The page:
Sony: a case study in poor customer service

Some organisations are highly developed, they recognise the pervasive way that their brand is influenced by all the facets of their organisation. Just take a look at Apple, a highly popular and very successful brand that recognises that high quality software, combined with high quality hardware combined with high quality customer service. This is all wrapped up with a website which provides a relatively low level of support friction.

Sony sadly is not an example of a well structured support mechanism. Below I will provide an example of a poor customer service interaction I received with Sony, which started with failure of information in the website, this continue through to the Sony Centre store and resulted in disatisfaction in the Sony Centre, the Sony Support website and by proxy the whole Sony brand.

If you search for accessories under the NEX camera system they list numerous items which are not appropriate for an NEX camera, however, I did not realise this until I purchased on such product the LSC-LC1AM lens cap holder.

I saw the LSC-LC1AM lens cap holder on the website, it did not list any dimensions, but claimed it was appropriate for an NEX system camera. I went and purchased it from a Sony Centre a long with a number of other NEX based accessories. At the time the employee did not advise that the item was not for the NEX system camera and help inform my purchase, as any good sales staff should.

On receiving the item it was clear that it was designed for an Alpha system camera and not an NEX system camera, and was in essence not fit for purpose as a NEX lens cap holder. I attempted to return the unopened item at the Sony Centre, but they advised that it was customer policy to not allow returns on any stock that they had to order, even if it was miss sold, unfit for purpose or any other reason. I had not been advised of this illegal shop policy prior to purchase and was very surprised as this is the worst returns policy I have ever experienced from any retailer.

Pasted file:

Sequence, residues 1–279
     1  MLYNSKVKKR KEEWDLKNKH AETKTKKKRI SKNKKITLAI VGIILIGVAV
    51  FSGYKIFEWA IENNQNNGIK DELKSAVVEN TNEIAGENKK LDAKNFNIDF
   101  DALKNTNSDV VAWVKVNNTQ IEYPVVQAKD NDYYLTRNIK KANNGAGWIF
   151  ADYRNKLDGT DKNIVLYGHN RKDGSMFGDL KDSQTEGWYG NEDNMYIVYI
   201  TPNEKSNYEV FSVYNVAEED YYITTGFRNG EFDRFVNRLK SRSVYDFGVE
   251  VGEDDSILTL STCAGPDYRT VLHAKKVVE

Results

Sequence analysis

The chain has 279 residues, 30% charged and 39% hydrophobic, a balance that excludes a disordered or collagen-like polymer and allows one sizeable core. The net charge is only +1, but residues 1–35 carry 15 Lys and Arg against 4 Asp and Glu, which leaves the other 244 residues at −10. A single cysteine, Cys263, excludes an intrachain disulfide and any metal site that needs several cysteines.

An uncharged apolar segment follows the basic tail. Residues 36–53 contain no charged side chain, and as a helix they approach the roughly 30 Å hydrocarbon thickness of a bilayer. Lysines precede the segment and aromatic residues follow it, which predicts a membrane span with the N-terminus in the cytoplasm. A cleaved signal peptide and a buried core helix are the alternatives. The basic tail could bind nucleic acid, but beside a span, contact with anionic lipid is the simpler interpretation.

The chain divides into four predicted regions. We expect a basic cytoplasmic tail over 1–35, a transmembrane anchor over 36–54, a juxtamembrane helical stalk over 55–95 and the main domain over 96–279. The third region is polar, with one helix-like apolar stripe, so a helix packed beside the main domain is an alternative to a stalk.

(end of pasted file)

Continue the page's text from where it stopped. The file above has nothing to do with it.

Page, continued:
This appears even worse as I had purchased another item at the time which I intended to keep and this was just one of the items which I did not which to keep. The item was still boxed and unused and could easily be resold, but none of these factors appeared to aid the successful return of my goods.

The returns policy has turned me from a loyal customer to someone who will recommend any alternative. For little effort the Sony Centre could have accepted my return and retained my customer loyalty, however, I will now be looking to Sony's competitors first for any future purchases.

The ill treatment of one of Sony's many branches has darkened my whole image of their brand. Now when I replace my alarm clock, home cinema amplifier or any other of my electronic products Sony will no longer be my brand of choice.

It is no wonder that most case studies conclude that a liberal returns policy is beneficial for a company's profitability. What was essentially a the most a few pound reduction in overall profit from a sale instead has turned into a potential multi-thousand pound future profit loss for the company.

Before I had any cause to complain about the company I had not explored any part of their support system. Sadly having done so after my issues I have found numerous examples of poor quality which while in my negative state has impacted me all the more than it ever could have if the Sony Centre had performed what most retailers consider a standard return.

I am a professional web developer, User Experience designer and UI developer and I continuously research best practice and systems design and I am shocked at how poorly the Sony support system is. As a user of the web since its inception I have luckily become used to retaining a copy of any web form request before posting it. This habit has not really been required on most forums and posting systems for many years. Sony asked me for my support details and then after I posted lost all of my information, because I had not selected a subcategory of my issue. If I had not kept a copy of my answer in a separate application I would have been infuriated further, instead I was just left there thinking what a poor use of JavaScript.